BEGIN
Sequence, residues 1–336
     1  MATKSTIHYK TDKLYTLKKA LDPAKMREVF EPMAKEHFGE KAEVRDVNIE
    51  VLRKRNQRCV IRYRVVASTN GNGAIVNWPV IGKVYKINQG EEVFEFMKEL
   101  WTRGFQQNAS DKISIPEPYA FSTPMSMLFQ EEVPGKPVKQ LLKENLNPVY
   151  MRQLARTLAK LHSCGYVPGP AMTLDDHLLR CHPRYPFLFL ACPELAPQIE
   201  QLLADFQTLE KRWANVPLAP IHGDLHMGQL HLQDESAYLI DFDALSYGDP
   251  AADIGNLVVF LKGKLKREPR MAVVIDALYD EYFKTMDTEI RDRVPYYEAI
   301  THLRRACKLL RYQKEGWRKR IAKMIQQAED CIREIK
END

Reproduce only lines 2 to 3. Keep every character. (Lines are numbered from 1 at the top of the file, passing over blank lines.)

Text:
     1  MATKSTIHYK TDKLYTLKKA LDPAKMREVF EPMAKEHFGE KAEVRDVNIE
    51  VLRKRNQRCV IRYRVVASTN GNGAIVNWPV IGKVYKINQG EEVFEFMKEL